A Phoenix teenager has been arrested in the 2011 death of an 84-year-old man, in which the teenager allegedly beat the elderly man for taking aluminum cans from his backyard.
Charles Williams, 19, allegedly punched Da Nguyen several times in the face during this, and although Nguyen died several weeks later, the autopsy results show his death was a result of the blunt-force injuries to his face, according to court documents obtained by New Times.
Nguyen was collecting cans in a neighborhood near 19th Avenue and Baseline Road on September 12, 2011, when he went through a gate to Williams' backyard and started filling a bag with cans Williams' family had left out there.
Williams' younger brother saw Nguyen and went out there to confront him, and discovered that Nguyen only speaks Vietnamese, and doesn't understand English.
Williams' little brother eventually got Nguyen to leave their backyard, but as Nguyen was outside of the yard and walking away, Williams came up and clocked him in the face, according to court documents.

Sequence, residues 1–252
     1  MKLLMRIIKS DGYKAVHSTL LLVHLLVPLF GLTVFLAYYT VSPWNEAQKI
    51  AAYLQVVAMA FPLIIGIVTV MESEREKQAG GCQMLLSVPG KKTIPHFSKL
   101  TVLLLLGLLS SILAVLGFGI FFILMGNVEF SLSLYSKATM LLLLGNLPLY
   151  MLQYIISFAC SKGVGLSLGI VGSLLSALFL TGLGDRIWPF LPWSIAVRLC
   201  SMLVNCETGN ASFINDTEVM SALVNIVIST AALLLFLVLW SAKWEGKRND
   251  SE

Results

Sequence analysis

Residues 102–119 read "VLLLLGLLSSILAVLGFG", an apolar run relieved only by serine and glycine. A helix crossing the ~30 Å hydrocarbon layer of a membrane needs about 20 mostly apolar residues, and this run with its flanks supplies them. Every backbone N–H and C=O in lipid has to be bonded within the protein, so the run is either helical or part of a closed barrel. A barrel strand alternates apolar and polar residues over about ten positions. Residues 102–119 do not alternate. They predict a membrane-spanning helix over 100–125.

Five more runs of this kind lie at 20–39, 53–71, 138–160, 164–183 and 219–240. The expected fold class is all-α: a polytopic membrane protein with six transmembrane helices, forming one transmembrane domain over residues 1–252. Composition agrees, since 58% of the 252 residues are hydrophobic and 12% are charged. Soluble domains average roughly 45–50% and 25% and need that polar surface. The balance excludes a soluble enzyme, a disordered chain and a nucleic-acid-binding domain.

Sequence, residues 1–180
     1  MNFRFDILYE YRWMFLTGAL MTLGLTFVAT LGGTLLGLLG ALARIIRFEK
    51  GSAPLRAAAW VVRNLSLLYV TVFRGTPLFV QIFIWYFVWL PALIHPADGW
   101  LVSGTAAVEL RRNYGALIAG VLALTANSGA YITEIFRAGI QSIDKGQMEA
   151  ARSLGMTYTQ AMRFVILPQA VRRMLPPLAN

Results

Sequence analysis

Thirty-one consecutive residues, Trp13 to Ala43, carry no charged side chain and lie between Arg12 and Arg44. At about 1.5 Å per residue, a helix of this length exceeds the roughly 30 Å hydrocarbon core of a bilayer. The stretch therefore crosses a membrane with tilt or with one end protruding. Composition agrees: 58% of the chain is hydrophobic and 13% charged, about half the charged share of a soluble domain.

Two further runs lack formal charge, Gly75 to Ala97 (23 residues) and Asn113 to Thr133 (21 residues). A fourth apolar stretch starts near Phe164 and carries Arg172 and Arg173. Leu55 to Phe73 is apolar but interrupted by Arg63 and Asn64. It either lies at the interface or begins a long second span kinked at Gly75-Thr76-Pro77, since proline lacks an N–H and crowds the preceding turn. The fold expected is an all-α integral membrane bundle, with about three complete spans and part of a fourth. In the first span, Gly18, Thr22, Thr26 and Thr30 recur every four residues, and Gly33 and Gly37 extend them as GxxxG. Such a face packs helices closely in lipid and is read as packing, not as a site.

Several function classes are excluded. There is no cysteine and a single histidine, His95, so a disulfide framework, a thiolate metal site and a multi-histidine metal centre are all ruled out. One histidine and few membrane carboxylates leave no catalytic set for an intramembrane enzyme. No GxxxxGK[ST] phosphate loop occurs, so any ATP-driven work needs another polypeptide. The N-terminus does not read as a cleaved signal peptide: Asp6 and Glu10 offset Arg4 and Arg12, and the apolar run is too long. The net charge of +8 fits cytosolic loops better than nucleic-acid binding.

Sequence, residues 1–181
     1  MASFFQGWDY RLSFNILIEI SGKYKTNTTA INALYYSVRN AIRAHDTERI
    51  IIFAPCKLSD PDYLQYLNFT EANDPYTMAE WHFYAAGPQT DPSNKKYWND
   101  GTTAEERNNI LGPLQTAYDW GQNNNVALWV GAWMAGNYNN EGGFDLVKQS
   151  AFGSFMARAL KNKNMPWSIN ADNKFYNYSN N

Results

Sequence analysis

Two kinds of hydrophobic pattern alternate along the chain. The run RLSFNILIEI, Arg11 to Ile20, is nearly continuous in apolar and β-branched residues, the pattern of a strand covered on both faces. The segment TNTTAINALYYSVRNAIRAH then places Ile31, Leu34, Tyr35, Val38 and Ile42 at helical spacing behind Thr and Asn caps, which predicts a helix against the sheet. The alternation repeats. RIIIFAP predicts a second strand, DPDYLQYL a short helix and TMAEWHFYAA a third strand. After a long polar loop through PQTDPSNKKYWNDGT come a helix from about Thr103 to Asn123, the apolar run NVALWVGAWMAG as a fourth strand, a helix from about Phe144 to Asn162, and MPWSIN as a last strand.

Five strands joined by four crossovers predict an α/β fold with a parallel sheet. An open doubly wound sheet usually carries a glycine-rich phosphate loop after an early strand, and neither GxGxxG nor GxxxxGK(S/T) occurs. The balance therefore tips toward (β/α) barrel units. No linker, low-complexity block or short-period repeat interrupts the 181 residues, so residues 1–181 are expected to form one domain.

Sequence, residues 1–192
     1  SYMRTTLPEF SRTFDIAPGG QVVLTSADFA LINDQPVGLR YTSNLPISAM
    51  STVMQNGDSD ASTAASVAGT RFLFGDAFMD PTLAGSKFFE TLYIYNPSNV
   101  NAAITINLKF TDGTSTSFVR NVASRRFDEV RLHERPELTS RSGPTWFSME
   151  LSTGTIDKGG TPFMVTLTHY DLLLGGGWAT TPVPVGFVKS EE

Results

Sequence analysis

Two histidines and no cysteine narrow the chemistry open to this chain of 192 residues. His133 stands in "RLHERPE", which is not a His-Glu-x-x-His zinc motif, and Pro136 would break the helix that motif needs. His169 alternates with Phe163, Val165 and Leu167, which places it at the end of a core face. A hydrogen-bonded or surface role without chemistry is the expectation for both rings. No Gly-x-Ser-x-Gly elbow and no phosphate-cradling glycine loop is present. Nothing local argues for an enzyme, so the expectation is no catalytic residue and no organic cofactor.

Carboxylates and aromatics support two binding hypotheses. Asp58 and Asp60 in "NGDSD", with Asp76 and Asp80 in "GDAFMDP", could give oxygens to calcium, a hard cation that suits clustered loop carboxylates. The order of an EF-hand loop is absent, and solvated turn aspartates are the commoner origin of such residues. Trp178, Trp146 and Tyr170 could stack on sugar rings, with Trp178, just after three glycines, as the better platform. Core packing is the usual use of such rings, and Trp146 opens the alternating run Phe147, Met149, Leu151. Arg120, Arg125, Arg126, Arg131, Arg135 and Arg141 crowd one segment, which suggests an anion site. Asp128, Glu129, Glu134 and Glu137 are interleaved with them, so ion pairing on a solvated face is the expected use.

A neighbor came outside when she saw Nguyen go to the ground, and phoned up the cops.
According to the court documents, Nguyen had multiple face fractures, which a hospital physician told investigators must have been caused by more than one strike to the face.
Nguyen's jaw was wired shut, and he was eventually transferred to a care facility, where he died on September 28, 2011.
We Believe Local Journalism is Critical to the Life of a City
Engaging with our readers is essential to Phoenix New Times's mission. Make a financial contribution or sign up for a newsletter, and help us keep telling Phoenix's stories with no paywalls.
Support Our Journalism
Williams -- who is unemployed and "does not stay in one place" -- was arrested on Tuesday, and booked into jail on a second-degree murder charge. His bond was set at $350,000.
Phoenix police Sergeant Tommy Thompson tells New Times the delay in Williams' arrest is due to a few factors, including Nguyen's belated death and the autopsy.
"That process alone took many months," Thompson says in an e-mail. "While the County Attorney's Office was reviewing the case, the detectives believed probable cause existed to arrest the suspect and he was booked into jail."